Reflections on the Fourteenth Sunday in Ordinary Time - Saint John's Seminary
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Reflections on the Fourteenth Sunday in Ordinary Time

July 5, 2020

Sunday reflection by Very Reverend Stephen E. Salocks, Rector of Saint John's Seminary - July 5, 2020

"Come to me, all you who labor and are burdened, and I will give you rest. Take my yoke upon you and learn from me, for I am meek and humble of heart; and you will find rest for yourselves. For my yoke is easy, and my burden light.” (Mt 11:28-30)

Dear Brothers and Sisters,

On this Fourteenth Sunday in Ordinary Time, the Gospel passage from Matthew opens with Jesus’ prayer, praising the Father, the “Lord of heaven and earth,” for His personal, loving, and engaging presence in our lives. The Father has revealed his wisdom not to the wise, learned, and important ones, but to the little ones – that is, to those who are humble and open enough to see and learn that God has revealed himself in his Son, Jesus Christ. True to God’s wisdom, Jesus reassures us that he is always there to help us along the journey.

While the yoke is not a prevalent symbol in the modern world, it is more common to the rural corners of our world – and it was certainly a familiar item in the time of Christ. As a harness or frame for carrying loads, this simple device allows two beasts of burden to be joined and share the load together. Working alongside one other, animals can more efficiently plow the field and accomplish other tasks. In both ancient and more modern rural settings, the yoke can also be fitted to a person’s shoulders and allow him or her to carry a load in two equal portions.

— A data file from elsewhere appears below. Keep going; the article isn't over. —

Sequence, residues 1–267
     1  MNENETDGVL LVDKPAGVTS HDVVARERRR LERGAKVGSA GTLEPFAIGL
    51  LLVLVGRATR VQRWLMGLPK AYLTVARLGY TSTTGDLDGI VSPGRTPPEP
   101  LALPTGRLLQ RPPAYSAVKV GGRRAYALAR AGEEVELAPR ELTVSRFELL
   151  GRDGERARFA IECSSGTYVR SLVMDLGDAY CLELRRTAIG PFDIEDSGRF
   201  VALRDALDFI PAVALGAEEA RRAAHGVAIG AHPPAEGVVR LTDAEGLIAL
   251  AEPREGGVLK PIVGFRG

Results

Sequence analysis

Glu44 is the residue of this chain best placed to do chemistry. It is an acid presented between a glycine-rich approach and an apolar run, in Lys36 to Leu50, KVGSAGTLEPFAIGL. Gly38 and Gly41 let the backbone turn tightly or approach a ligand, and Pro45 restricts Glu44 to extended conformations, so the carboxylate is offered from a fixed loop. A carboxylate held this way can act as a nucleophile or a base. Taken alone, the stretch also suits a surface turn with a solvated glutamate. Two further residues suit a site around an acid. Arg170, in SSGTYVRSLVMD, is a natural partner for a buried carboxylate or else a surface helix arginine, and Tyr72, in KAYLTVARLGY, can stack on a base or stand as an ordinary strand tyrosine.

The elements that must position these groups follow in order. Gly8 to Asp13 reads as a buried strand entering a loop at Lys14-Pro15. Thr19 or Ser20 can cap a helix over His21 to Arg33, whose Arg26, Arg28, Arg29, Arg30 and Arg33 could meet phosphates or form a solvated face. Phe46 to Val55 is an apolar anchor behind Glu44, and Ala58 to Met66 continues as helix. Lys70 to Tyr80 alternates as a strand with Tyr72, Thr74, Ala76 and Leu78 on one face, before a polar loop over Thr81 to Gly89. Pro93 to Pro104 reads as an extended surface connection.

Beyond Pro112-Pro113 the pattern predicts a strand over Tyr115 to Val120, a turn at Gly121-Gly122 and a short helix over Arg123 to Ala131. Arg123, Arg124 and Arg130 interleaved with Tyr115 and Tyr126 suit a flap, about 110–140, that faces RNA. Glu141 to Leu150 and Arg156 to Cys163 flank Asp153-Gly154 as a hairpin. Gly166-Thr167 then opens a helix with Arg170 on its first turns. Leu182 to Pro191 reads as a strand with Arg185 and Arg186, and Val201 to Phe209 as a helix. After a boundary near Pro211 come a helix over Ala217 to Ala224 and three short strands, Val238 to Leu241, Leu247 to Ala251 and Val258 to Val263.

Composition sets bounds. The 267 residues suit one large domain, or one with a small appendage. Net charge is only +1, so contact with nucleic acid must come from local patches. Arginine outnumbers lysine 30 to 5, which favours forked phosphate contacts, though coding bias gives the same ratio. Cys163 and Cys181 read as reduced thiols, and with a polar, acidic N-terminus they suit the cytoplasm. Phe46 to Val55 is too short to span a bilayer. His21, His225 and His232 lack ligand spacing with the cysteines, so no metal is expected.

Jesus’ invitation to come to him with our labors and burdens offers comforting words to all disciples and reminds us that He is always by our side if we let him. Numerous times, Matthew’s Gospel makes the claim that Jesus is Emmanuel – God with us (e.g., 1:23; 28:20). Jesus offers his divine self to help ease our burdens, as we strive to live according to our Father’s word. Jesus tells us we do not have to carry the load by ourselves. I believe that the “rest” that our Lord offers is really a sense of renewed energy and attitude that helps us learn from His example of humility and gratitude and compels us to offer humble and joyful assistance to others along the way. Seeing others in need, a brother or sister who is challenged with a particular burden, we are ready to make that simple offer of help, to listen, and thus to ease their burden. Living as Jesus taught us, we help make God’s Word and presence a living reality for others.

Especially in today’s world where so many confront the ‘burdens’ of illness, economic hardship, and a myriad of other challenges, we do well to remember this message from Jesus. When we ourselves feel overwhelmed by life’s present situation, we want to turn to Christ. When we see a neighbor struggling, we want to reach out and see how we can help ease their burden.